Kenneth Hultgren was just 54 when he suffered a heart attack. A firefighter, Hultgren was fit, working a job that takes physical strength, as wall as being an avid runner and hiker. When it came time for cardiac rehab, he was in good hands at Providence Saint Joseph Medical Center's Rehabilitation Fitness Center, where his therapists took time to truly know him and designed a tailored program to get him back to work and his active home life.
It wasn’t easy for a man who considered himself in excellent physical condition to be patient and to understand that the process would take some time.
Tanner Young, program manager and certified exercise physiologist with the American College of Sports Medicine, treats patients who have had heart attacks, bypass surgery, implanted stents, valve replacements or repair for arrhythmia. Each patient is different and requires experts who know what they are going through and how best to help them continue the recovery process.
“Our care team understands that undergoing a heart procedure impacts patients emotionally and physically,” says Young. “They’re afraid their heart might not be able to take the stress of exercise, so we immediately try to put them at ease,” he explains.
He acknowledges their fear and creates individualized exercise plans to strengthen the heart. "Additionally, an important part of recovery is educating patients on previous health habits and the effect hey have on the body," he says. "We give patients the tools they need to create a healthier lifestyle—and maintain it—and explain why they've been prescribed certain medications. If you know why you're doing these lifestyle changes, you're more likely to stick to them."
ONE SUCCESS STORY
Hultgren lives in Los Angeles with his wife, Sheri, and their children, Rochelle, 14, and Wesley, 11. “This is usually a retirement injury,” says Young of Hultgren’s heart attack. “But he wasn’t willing to accept retirement that way. He told me he wanted to get back to work.”
Hultgren’s strength, stamina and cardiovascular response were limited at first, but after a few months of exercising under the guidance of Young and his team, he was cycling 35 miles and going for hikes on the weekend.
“Tanner’s instruction and the plan we put together—lots of high-intensity interval training, one monitored session per week, three total per week, including training when at home—allowed me to make the necessary gains to get back to work eight months after the heart attack, and only four months of that were cardiac rehab,” says the firefighter.
“I did have a very good base of fitness before I came in,” he admits, “but it took those months for us to work on getting my cardiovascular system back to the level needed to perform firefighter duties. It was difficult to slowly get back my cardiac health—but the process was good.”
Hultgren continues: “I gave Tanner a copy of the test that I had to take to get back to work, and he modified the workouts to ensure I could perform each of the items.”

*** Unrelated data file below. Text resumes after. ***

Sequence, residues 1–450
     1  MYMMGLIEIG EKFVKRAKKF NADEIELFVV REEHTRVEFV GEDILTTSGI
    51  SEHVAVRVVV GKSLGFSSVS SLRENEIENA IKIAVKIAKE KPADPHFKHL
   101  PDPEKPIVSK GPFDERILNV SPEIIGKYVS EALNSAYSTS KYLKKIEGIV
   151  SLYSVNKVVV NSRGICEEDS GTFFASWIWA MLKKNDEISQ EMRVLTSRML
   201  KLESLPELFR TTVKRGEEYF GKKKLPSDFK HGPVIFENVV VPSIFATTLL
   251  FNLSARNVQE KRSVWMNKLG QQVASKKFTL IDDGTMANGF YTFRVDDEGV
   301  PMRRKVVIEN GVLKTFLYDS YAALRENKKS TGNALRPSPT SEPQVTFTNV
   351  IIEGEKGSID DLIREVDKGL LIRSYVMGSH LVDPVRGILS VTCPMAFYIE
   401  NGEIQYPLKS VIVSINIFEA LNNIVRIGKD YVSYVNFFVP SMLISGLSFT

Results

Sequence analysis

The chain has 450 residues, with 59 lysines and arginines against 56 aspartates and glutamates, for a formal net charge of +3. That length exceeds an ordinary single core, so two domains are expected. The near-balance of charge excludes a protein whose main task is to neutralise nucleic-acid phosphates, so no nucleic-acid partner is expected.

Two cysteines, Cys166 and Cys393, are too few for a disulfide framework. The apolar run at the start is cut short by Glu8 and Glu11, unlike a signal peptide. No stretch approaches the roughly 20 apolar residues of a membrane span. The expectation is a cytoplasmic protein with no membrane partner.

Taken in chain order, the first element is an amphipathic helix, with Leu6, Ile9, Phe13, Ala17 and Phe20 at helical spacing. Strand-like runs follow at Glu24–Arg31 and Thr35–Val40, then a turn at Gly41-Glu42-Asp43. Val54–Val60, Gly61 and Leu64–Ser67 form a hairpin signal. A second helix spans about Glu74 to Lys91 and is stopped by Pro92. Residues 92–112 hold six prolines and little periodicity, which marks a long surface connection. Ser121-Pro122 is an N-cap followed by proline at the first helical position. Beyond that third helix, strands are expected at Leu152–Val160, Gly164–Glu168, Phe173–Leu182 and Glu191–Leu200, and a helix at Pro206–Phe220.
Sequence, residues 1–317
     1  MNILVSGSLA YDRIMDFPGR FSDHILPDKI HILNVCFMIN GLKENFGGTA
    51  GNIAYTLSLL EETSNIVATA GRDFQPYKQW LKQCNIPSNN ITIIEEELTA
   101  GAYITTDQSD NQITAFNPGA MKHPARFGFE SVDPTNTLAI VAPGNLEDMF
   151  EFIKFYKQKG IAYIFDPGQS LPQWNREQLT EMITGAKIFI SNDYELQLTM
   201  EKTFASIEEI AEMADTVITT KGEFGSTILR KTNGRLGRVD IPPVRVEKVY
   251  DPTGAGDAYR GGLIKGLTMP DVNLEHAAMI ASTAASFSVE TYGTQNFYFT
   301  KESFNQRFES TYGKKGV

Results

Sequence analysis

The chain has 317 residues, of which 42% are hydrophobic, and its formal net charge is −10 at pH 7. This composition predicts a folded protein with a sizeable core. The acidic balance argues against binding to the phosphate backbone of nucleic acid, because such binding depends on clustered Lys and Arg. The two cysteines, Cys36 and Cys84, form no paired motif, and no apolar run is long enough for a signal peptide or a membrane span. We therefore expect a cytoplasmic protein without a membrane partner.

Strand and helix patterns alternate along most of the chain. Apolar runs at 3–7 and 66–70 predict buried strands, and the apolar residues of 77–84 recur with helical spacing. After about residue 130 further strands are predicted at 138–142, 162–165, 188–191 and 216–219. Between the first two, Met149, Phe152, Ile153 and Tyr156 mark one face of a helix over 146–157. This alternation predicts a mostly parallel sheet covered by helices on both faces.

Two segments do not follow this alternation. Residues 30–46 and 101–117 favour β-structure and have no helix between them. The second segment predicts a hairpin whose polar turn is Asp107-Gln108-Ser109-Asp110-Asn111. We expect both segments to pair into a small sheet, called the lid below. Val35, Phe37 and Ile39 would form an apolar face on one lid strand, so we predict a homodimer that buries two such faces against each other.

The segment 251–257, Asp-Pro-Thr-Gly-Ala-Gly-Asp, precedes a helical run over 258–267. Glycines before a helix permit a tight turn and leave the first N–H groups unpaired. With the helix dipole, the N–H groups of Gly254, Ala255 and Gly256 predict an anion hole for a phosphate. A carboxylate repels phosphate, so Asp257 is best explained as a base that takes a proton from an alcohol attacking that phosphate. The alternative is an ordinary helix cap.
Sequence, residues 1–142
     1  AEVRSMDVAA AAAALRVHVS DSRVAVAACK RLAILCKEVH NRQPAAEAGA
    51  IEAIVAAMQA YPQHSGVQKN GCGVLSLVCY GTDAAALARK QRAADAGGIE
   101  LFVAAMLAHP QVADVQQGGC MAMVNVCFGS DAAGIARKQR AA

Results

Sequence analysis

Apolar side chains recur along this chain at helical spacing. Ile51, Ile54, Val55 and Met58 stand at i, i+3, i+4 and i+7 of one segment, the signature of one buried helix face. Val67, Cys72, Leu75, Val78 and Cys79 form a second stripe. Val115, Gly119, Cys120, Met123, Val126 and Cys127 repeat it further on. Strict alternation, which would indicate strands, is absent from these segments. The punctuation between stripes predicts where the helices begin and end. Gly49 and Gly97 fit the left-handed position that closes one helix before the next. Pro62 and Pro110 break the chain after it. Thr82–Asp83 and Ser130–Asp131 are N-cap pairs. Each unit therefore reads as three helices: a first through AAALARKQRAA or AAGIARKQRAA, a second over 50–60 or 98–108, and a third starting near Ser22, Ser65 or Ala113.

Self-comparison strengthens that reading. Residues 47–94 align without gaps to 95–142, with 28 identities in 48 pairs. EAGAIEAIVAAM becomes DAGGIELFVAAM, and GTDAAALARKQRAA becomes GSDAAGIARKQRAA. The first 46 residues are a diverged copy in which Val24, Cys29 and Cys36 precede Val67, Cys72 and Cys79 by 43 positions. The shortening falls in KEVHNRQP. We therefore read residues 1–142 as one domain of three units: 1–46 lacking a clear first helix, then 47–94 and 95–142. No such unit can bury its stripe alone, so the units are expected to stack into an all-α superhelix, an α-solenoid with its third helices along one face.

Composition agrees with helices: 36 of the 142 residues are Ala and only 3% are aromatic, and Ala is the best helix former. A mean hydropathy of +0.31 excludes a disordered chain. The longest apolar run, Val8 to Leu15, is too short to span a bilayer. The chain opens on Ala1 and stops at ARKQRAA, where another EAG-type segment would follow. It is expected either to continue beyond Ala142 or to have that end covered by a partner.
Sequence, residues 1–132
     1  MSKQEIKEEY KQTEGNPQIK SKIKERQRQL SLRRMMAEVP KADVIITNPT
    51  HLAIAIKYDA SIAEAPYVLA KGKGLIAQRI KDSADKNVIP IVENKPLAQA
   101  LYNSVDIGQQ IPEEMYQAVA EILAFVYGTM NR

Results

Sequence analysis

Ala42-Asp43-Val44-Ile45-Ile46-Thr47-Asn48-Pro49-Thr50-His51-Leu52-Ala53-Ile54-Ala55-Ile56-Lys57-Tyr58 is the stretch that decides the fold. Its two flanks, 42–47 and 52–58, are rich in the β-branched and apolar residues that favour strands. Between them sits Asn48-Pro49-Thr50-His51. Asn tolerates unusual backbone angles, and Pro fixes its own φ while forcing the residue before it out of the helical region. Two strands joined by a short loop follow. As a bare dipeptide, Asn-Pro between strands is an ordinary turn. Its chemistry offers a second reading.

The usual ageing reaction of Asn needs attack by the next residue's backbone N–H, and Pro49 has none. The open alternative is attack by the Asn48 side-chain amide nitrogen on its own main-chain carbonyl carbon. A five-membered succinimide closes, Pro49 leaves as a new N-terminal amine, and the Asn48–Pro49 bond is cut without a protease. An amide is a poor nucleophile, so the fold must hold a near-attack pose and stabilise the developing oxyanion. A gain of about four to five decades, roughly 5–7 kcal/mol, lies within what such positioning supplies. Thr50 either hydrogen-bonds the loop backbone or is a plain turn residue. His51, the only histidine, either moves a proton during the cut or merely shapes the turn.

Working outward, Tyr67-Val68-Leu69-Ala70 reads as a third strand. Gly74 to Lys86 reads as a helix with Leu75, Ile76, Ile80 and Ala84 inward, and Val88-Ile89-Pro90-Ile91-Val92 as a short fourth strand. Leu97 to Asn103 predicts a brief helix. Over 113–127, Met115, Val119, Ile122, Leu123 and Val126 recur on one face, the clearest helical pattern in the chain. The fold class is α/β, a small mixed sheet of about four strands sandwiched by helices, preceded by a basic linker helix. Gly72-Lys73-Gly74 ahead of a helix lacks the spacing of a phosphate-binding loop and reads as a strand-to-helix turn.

“The entire care team was thrilled when Ken returned to work, passing his physical test with flying colors,” says Young.
As for Hultgren, he credits Young and his team for bringing his strength level back up to its pre-heart-attack level. "That treatment facility is a true blessing," he says.
It's all about whole-person care, nurturing the mind, body and spirit. That is one of the critical elements of getting cardiac rehab patients back to good health. Another is living the Providence Promise: "Know me, care for me, ease my way."
Every day, Tanner and two cardiac nurses work with people of different ages and strength levels. “We walk them through each exercise, going at a comfortable pace, to see how the heart responds,” he says. "From there we develop an exercise program and increase intensities. We typically see that their mood improves, and their strength and energy increase with each new exercise.”
Tanner also encourages people to walk outside of the facility. “The goal is to get them strong enough so they can feel confident while going on walks, hikes, bike rides or other outdoor activities.”
Hultgren’s determination lifted the spirits of everyone at the cardiac rehab facility. And yet he says the other patients—including a 95-year- old who works out regularly—inspired him. “They all have their unique story, and we had wonderful interactions,” he says.
WHAT HAPPENS AT CARDIAC REHAB?
Evaluation: A “medical clearance form/approval to begin or resume medically supervised exercise” must be signed by the patient’s physician. During the first visit, Young reviews the medical history, lifestyle habits and likes and dislikes in an hour-plus-long evaluation.
Monitoring: Having a team of experienced cardiac rehab caregivers is very important. They monitor each patient’s heart rate and blood pressure before, during and after exercising to determine what they can tolerate. When Phil Wise first came to the rehab facility in 2009, he’d just had a double-bypass surgical procedure. One day when he began exercising, the monitoring equipment showed something wrong, and the staff stopped him right away. “Scar tissue had caused some blockage,” says Wise, who had to undergo another surgery.
Individualized exercise program: Young designs a fitness program that starts with simple exercises and progresses as the person’s tolerance increases. His classes, which include stretching, machine work and weight lifting, are popular. “I start out on the treadmill, then go to the elliptical machine and then do weights,” says Wise, who is 85 and has exercised his whole life.
Support: "They are neat people," Wise says of Young and his team, adding that he's made a lot of friends there.